Nerevar Indoril       [source: The Elder Scrolls]

Nerevar had the humble origins of a caravan guard, though through killing his superior and eventually rising through the ranks of a soldier, he was an established general when he asked to marry Ayem, Vehk already at his side. House Indoril became powerful, he became King and Hortator. He and Ayem were never able to have children, but adopted in plenty of new blood into their house--including Vehk and Seht, two who were without a house of their own.

The marriage was largely political--he was friends with Ayem, she needed a spouse--and as such, there was leeway to do what they wanted without offending the other half so long as there wasn’t a scandal about it. Ayem slept with Seht, Nerevar slept with the Lord High Councillor of House Dagoth, Voryn, and Vehk. On occasion, both and Ayem at once. The chimer weren’t particularly prudish about such things.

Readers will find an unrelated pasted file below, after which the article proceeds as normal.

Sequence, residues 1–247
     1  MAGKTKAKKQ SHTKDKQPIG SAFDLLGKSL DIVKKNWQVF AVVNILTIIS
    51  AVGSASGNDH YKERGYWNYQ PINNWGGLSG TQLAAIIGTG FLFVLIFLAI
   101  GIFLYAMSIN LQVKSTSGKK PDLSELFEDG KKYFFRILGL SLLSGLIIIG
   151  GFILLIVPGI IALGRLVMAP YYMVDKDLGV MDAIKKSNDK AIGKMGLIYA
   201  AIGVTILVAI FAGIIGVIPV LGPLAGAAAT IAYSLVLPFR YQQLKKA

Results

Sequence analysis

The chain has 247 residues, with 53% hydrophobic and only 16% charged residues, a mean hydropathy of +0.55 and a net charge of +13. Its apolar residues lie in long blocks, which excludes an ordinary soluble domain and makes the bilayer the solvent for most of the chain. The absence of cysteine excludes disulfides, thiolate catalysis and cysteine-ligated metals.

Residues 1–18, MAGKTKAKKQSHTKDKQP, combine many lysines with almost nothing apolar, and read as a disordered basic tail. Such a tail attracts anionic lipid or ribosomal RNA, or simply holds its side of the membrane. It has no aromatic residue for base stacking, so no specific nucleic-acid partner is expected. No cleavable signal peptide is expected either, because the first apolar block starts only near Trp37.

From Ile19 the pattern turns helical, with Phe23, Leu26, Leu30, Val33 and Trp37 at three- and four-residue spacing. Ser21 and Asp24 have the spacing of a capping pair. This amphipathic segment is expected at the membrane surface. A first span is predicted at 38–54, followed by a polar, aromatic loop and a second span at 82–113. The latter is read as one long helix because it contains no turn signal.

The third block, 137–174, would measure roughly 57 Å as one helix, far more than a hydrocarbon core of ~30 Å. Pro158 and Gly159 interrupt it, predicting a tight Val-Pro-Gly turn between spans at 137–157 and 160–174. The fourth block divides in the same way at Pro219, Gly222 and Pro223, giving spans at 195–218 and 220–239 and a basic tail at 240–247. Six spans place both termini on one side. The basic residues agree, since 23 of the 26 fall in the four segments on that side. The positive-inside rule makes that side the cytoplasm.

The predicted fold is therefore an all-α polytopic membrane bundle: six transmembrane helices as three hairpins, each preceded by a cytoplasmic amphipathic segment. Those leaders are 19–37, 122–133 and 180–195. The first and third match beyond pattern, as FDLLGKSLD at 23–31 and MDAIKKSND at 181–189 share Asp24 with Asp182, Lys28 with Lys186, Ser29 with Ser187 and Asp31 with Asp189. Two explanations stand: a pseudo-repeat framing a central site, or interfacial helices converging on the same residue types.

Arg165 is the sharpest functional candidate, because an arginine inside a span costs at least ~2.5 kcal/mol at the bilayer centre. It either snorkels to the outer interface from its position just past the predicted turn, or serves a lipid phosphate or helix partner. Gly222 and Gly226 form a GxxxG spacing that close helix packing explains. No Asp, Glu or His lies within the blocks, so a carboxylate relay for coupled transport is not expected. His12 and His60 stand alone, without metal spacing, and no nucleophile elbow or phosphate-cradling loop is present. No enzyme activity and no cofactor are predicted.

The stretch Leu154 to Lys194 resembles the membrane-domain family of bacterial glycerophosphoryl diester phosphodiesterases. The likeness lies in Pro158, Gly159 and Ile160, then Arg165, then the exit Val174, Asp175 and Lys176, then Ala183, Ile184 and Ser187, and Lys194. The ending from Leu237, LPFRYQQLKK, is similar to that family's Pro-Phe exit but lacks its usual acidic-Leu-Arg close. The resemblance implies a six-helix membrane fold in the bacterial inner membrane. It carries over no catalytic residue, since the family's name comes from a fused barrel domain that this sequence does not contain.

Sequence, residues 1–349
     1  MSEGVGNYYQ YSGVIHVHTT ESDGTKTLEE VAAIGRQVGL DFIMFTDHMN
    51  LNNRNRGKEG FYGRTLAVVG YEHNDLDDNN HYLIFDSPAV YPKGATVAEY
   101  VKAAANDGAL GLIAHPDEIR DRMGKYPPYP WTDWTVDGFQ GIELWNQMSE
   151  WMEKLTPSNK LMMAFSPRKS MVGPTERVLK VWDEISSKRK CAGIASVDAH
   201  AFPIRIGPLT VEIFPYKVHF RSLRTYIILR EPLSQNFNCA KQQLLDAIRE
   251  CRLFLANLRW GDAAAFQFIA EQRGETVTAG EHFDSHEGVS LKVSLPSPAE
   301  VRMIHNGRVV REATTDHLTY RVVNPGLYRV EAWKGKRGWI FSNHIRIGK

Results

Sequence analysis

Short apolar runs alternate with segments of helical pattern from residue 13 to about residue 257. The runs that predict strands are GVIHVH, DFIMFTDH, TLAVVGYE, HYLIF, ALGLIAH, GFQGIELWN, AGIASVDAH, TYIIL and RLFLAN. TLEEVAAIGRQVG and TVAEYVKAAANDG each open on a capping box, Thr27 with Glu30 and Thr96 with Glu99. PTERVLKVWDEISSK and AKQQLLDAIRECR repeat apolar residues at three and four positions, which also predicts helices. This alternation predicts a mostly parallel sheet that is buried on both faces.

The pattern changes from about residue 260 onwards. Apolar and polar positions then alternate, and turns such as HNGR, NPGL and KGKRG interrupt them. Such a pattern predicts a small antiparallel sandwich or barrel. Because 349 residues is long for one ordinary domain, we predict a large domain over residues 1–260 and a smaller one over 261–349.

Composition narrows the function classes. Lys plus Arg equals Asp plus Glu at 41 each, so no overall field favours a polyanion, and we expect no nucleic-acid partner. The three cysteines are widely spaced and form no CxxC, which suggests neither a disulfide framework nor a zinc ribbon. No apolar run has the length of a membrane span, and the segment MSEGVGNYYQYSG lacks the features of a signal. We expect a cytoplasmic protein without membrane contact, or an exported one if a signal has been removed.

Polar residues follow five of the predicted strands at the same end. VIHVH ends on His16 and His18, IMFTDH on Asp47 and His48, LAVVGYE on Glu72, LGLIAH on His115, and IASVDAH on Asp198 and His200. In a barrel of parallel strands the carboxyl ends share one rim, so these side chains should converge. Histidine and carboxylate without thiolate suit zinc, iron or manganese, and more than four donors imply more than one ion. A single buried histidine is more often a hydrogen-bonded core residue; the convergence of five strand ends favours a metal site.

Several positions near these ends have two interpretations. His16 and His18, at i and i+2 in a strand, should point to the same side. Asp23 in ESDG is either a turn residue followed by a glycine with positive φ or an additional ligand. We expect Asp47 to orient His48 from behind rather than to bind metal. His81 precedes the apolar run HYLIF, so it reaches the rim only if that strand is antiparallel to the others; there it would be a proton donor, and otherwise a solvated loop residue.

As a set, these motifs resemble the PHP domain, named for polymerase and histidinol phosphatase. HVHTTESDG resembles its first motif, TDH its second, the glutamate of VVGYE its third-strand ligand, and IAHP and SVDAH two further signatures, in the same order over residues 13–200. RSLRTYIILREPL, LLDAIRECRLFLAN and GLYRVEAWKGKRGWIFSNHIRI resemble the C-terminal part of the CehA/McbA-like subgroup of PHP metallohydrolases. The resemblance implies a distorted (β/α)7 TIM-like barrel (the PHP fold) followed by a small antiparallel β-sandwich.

The dragon break at Red Mountain makes all things real and unreal at once, but the most real was the Red Moment of being murdered. It shaped the future and the emotions of the survivors more than anything else, because, in at least one situation, they now knew that they had it in them to kill even their closest friend, their Hortator.

As Nerevarine, I was born on a certain day to uncertain parents. Bosmeri. I was adopted by a dunmer couple in what seems to be southern Skyrim, or perhaps northern Cyrodiil? They were in turn living with their parents, who were Ashlanders that had left Vvardenfell. It is highly possible I was named Nerevar by them again--they knew my birthday when they adopted me, and they figured I would never find myself in Morrowind. They and their parents had no intent of ever returning to be persecuted further by the Temple’s ordinators.